History has shown that purchasers often spend a disproportionate amount of time on financial analysis, related to that spent on the formulation of post-acquisition business strategy and its implementation. This may result in inadequate attention being paid to the merger of the two organizations, which can doom an acquisition to failure.
The ability to manage an acquisition following the consummation of a transaction is the ultimate test of the success or failure of the initial acquisition decision. While a purchaser’s perception of a target’s cash flow potential supports a range of value during the negotiation, the manner in which the two companies are integrated provides the foundation for the realization of the cash flow potential.
The ability to manage an acquisition after closing is the ultimate test of the success or failure of the acquisition
A number of studies over the years on public company deals have identified a trend that approximately 50% of acquirers express dissatisfaction with their acquisitions post-closing. In most cases, purchaser dissatisfaction can be grouped in two areas:
- inadequate operational due diligence prior to finalization of the transaction, and as a result, an inadequate knowledge base with respect to the business; and
- ineffective (or non-existent) planning for and/or the implementation of post-acquisition strategy to ensure an orderly transition.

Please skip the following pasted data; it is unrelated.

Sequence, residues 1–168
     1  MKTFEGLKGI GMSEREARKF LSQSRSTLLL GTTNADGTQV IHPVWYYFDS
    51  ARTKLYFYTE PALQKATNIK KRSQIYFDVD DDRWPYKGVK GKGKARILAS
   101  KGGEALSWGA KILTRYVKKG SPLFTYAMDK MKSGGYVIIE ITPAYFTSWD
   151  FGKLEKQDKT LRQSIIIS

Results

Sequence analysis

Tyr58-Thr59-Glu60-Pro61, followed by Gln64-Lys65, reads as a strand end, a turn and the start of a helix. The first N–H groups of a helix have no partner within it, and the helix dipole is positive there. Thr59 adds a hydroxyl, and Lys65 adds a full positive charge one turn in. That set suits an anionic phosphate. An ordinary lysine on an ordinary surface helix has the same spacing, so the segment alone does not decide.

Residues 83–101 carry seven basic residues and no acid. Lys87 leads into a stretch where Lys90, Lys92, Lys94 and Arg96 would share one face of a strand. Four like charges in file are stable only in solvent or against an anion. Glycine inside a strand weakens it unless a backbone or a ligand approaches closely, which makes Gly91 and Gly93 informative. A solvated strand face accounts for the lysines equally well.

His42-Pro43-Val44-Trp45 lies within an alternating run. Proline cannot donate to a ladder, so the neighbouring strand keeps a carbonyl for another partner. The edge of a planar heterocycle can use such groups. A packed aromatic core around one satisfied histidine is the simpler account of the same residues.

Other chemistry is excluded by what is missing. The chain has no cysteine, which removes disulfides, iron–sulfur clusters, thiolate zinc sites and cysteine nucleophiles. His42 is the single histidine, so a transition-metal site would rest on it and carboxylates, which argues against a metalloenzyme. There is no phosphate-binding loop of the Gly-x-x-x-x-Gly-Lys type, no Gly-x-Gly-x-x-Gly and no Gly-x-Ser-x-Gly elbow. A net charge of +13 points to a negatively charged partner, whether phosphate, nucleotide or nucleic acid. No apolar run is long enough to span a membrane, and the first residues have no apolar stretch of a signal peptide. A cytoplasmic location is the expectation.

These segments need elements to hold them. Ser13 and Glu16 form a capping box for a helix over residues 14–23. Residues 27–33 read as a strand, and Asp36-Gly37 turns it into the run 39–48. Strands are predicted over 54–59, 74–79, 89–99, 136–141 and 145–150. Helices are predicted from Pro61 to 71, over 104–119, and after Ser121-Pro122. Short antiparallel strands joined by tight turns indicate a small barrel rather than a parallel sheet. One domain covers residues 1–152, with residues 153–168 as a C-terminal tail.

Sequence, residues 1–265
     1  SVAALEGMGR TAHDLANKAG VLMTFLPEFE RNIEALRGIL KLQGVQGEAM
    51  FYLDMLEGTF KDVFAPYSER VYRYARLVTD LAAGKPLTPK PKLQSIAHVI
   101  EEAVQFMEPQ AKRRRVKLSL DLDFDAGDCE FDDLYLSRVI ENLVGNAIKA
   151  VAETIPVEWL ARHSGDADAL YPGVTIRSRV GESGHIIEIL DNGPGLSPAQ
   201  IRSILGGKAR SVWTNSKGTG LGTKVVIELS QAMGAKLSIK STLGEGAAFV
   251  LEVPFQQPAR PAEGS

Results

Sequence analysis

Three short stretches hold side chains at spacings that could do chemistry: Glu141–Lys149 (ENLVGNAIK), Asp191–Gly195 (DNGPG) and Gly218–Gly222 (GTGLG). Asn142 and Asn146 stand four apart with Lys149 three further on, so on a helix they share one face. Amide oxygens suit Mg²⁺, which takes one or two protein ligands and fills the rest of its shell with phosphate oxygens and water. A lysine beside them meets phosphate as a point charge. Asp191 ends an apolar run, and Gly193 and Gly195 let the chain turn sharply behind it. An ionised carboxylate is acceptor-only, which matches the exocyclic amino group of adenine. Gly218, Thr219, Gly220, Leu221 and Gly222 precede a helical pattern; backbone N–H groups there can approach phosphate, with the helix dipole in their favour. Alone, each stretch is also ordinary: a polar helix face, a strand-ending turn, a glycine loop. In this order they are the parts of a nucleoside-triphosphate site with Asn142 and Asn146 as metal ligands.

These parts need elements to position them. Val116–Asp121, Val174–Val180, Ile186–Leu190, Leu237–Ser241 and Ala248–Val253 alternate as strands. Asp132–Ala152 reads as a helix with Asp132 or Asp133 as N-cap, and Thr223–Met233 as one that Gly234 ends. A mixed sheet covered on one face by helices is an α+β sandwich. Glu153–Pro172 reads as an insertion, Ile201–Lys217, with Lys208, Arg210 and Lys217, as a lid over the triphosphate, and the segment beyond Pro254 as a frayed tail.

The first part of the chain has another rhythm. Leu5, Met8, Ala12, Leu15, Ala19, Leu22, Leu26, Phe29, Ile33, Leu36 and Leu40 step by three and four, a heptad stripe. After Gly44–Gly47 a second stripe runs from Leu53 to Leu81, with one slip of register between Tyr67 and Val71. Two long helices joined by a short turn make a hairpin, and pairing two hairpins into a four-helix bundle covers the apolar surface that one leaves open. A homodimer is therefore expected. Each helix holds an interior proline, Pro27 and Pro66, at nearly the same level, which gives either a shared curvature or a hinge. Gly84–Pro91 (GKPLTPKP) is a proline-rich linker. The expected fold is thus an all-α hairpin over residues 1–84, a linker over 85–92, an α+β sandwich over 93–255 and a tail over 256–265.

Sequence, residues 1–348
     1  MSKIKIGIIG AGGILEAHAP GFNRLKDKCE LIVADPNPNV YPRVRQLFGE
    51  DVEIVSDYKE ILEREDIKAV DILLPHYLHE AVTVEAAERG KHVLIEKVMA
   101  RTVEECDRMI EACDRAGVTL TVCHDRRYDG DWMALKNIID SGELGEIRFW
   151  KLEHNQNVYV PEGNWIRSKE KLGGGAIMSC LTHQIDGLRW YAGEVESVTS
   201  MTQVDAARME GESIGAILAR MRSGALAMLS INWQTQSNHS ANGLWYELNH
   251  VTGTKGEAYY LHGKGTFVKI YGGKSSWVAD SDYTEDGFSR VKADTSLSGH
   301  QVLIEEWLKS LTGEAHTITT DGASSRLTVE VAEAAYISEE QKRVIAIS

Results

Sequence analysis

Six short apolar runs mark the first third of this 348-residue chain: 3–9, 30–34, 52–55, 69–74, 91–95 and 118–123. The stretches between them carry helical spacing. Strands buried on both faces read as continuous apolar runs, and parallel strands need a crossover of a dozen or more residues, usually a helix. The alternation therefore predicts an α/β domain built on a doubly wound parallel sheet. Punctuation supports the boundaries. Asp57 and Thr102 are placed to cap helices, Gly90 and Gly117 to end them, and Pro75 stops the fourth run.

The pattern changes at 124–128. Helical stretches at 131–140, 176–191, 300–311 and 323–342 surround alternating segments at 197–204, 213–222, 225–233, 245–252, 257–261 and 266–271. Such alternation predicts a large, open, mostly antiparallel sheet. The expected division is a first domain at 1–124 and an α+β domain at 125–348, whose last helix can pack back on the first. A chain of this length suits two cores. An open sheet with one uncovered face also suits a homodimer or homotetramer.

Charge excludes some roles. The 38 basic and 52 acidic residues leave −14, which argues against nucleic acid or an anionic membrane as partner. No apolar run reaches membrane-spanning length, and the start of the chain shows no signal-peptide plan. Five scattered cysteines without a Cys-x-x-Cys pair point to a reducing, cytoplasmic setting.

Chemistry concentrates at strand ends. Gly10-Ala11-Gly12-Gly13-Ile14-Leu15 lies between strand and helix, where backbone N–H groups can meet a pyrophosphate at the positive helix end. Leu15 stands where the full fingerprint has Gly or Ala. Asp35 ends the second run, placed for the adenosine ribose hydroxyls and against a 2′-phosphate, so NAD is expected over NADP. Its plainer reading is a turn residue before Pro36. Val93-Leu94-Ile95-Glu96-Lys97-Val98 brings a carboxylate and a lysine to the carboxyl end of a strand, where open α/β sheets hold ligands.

In many cases, management is a key component of what the purchaser is ultimately buying. Attempting to preserve and strengthen management following an acquisition is an important factor in a transaction’s success. An assessment of the vendor’s management team and employee personnel is also an important element of the acquisition strategy.
A purchaser must attempt to answer the following questions in its post-acquisition plan:
- To what extent will integration take place? i.e. is this a standalone acquisition or will there be a total integration into the purchaser’s operations?
- Is sufficient management talent available? Both within the target and within the purchaser?
- What are the critical control points? i.e. items must be prioritized so that management has a reasonable chance of meeting the stated objectives of the acquisition.
- What is the action plan with respect to the above?